Raising Roof Trusses With A Crane

Often times you learn truss raising the hard way. Fingers between trusses, backs strained from the heavy lifting and long strung out days. You live and you learn to just call a crane company for a day when you are installing large trusses.

Before the roofing materials and trusses are dropped at the job site, we encourage you to think about where the crane will be positioned to easily have access to the materials and so the space is cleared. Before the trusses are lifted to the roof, the crane should hoist the sheathing, shingles and any interior building materials to the second floor. You should not have to move the crane to reach all areas of the house. Make sure you keep your scrap pile way behind the other side of the house so it is way out of the way on raising day.

When the trusses arrive, we land them on top of blocks as they come off the truck to keep them as flat as possible and out of the dirt. Sometimes trusses arrive a few days early and a warped truss is much harder to install than a flat one.

Laying out your Trusses

It is important to mark your trusses while they are on the ground. You should mark three different sets of lines. The first set is for positioning, the second is for drywall screw lines and the third is for the roof sheathing. You can also mark the front of the trusses near the tail of the top chord to avoid getting them spun in reverse when they’re lifted. Before you mark these lines, the trusses should be aligned on top of one another as close as possible. Once they are stacked, it is much easier to create your lines.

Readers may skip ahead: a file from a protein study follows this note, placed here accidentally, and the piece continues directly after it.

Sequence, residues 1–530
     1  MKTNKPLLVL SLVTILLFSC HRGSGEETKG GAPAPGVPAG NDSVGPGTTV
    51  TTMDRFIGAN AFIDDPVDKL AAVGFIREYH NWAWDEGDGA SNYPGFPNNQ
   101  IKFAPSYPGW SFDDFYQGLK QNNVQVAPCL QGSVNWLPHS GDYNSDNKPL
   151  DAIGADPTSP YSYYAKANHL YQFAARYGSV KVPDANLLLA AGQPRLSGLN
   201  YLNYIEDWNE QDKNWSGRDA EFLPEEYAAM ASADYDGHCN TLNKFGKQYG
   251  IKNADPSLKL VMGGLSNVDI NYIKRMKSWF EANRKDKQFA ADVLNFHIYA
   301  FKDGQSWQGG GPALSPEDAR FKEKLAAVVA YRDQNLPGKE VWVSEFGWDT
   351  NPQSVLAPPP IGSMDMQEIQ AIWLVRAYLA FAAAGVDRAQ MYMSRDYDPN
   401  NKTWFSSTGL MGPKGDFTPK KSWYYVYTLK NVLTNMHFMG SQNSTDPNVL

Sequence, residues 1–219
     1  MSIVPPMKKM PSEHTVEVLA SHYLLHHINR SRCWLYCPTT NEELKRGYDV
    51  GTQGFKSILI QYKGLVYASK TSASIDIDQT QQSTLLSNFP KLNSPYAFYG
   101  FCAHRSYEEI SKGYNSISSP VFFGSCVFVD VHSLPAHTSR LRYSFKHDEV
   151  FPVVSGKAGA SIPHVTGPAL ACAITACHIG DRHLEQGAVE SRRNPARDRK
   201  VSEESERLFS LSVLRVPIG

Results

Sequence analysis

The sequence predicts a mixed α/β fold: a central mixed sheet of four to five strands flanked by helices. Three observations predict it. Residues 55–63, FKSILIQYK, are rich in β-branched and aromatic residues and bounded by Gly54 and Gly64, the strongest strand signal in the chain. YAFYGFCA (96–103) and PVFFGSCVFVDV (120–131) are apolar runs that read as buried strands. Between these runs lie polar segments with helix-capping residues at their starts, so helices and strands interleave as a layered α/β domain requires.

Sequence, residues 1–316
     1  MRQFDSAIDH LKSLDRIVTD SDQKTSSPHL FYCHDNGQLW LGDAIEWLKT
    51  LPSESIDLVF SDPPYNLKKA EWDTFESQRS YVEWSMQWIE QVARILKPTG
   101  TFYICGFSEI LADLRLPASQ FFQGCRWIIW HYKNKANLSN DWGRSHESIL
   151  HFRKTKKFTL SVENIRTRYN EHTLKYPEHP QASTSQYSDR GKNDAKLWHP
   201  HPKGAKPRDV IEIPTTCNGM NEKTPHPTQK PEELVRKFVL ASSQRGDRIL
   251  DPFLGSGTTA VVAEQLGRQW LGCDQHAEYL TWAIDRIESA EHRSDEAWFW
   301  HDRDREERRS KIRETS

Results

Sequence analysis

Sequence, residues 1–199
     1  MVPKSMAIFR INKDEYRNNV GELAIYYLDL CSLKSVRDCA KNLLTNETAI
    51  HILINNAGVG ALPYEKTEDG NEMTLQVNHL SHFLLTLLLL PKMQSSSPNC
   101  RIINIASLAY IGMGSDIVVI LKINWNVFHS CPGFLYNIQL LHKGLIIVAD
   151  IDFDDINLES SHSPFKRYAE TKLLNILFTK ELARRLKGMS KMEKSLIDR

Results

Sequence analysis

Complete your Gable Trusses before Raising

Another way to save time is sheathing, siding and trimming the gable-end trusses before raising with the crane. This saves time and energy working up high and requires just a little planning. To help setting the gable truss, nails are started along the bottom chord. When the truss is in position, a crew member will drive the nails into the top plate of the gable end wall.

When you let a crane do the heavy lifting, you can lift the first three or four trusses at once. When you have a few trusses on the top, you do not have to have major braces set for the first truss. You can have the crane hold the place and weight of the first truss and nail in place.

It is also important to give your crew specific jobs while lifting your trusses. Make sure all tools are laid out and in reach so you can save as much time as you can while you have the crane on location. We need a guy to be in charge of signaling the crane driver, two guys on the ground to help strap and launch loads, two guys inside the house to un-strap the loads. Once the trusses are all launched you can reposition your two guys on the ground inside the house to secure the trusses in position.